Medication among elderly may cause cognitive decline

Senior citizens who take prescribed medication to treat respiratory and gastrointestinal problems may be at an increased risk of developing cognitive decline.

A new study, published in the Journal of the American Geriatric Society, suggests medications with anticholinergic properties may negatively affect overall brain function in men.

The findings showed the chronic use of these types of medications were detrimental toward memory, as well as reducing the ability in some subjects to perform tasks such as shopping and managing finances.

Medication among elderly may cause cognitive decline Approximately 500 men aged 65 and older living with high blood pressure took part in the year-long study.

Dr Ling Han, co-author of the study, said older patients may be more vulnerable to these medications because of biological changes due to aging.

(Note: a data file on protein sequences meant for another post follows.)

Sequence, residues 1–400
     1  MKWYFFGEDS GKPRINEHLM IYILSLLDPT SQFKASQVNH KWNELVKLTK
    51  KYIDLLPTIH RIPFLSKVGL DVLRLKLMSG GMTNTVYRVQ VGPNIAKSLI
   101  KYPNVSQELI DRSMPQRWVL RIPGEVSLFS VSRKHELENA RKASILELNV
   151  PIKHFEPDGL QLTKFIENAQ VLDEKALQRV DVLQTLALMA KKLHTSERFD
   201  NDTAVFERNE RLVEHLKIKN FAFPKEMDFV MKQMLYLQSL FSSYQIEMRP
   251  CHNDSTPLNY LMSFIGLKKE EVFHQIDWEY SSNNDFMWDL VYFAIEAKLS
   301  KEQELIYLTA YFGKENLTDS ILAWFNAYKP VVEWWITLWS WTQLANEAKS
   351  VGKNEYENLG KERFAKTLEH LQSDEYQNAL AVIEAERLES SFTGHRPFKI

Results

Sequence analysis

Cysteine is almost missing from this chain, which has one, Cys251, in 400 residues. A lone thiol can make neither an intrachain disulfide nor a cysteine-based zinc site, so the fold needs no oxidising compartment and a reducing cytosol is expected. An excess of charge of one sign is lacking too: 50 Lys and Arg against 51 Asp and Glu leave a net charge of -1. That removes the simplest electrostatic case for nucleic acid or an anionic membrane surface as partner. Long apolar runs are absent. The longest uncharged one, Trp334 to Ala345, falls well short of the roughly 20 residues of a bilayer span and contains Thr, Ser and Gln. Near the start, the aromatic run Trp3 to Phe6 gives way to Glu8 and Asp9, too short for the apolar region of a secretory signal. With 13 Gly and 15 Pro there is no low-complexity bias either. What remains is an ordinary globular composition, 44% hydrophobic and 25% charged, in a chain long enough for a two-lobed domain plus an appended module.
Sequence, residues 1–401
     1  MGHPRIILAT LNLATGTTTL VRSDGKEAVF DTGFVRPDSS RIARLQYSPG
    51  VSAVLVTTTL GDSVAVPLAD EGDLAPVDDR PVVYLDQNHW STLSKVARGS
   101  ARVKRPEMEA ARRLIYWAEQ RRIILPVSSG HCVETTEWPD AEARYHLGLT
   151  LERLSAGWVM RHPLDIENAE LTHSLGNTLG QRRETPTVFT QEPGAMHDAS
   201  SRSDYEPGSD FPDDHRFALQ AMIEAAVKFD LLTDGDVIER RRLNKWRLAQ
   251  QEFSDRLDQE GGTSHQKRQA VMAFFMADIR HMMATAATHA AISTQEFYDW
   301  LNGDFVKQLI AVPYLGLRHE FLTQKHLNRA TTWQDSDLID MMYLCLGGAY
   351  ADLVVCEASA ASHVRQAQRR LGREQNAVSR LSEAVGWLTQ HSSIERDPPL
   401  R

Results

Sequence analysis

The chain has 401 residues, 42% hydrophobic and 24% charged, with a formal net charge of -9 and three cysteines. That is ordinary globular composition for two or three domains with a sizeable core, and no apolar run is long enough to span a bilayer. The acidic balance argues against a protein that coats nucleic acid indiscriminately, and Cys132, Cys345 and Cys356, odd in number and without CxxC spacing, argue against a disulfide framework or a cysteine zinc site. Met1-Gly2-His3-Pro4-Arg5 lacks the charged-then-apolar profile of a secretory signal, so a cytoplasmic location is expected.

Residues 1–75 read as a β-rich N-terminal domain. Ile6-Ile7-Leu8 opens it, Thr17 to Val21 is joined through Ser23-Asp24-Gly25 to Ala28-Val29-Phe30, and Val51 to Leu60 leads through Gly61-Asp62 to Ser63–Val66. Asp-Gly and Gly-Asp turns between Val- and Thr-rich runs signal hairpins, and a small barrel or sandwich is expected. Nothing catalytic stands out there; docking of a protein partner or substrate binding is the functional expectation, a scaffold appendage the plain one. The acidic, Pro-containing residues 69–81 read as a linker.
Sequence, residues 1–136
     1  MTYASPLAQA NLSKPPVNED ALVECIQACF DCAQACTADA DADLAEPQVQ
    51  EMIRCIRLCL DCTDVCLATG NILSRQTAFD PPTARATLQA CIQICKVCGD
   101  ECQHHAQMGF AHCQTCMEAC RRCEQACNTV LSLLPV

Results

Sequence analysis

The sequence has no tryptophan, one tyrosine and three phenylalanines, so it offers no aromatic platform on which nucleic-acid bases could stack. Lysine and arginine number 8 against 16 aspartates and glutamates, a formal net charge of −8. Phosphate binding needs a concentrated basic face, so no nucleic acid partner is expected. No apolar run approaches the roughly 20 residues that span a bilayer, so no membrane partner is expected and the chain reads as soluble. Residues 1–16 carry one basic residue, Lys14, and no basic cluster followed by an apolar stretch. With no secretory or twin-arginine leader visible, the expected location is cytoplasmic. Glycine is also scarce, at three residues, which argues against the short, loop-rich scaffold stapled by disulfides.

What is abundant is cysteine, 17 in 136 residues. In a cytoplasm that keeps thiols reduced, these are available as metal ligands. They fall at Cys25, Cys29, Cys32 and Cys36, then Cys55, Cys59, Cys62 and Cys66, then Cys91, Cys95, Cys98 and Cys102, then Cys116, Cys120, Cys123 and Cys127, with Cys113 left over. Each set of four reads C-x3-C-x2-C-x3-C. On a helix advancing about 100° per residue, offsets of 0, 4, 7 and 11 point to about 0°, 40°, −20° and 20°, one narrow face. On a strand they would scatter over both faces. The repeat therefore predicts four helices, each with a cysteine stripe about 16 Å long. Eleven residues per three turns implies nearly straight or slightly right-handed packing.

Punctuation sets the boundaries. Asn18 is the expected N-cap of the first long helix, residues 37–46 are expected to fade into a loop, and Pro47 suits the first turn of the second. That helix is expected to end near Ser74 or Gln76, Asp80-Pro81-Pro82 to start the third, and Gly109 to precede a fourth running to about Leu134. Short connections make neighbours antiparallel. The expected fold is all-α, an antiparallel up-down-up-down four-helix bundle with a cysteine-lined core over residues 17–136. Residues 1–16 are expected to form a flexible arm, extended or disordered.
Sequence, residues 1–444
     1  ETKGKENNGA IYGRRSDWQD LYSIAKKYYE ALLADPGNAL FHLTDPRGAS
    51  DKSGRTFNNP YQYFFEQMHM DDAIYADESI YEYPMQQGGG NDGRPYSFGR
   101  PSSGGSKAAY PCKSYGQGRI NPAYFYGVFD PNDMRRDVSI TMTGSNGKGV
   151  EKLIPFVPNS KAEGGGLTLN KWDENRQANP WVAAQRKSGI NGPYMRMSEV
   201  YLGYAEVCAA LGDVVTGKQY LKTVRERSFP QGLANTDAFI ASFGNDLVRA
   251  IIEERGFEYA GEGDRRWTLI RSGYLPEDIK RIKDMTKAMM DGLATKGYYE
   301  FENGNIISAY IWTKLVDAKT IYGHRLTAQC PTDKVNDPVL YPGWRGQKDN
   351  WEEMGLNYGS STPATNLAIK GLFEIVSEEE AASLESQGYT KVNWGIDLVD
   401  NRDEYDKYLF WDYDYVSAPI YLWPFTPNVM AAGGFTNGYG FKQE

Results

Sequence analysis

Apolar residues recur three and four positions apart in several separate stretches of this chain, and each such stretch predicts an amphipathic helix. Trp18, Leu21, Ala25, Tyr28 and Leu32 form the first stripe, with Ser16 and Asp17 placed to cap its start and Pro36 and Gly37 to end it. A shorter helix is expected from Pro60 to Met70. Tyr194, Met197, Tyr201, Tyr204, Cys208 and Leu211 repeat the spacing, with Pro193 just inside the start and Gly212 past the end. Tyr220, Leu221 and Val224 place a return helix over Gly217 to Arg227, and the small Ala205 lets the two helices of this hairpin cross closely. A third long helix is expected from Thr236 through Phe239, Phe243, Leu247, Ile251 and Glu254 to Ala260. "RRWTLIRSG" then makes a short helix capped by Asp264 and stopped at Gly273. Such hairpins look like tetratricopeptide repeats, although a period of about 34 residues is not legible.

"Prescribing for older adults who take multiple prescription and over-the-counter medications requires careful attention to minimize the risk of potential harms of the drugs while maximizing their health benefits," Han said.

Cognitive decline can be a precursor to Alzheimer's disease, which currently has no cure. An estimated 5.2 million people in the U.S. are currently living with Alzheimer's disease. By 2030, it's estimated the number of individuals aged 65 and older with the disease will reach 7.7 million.

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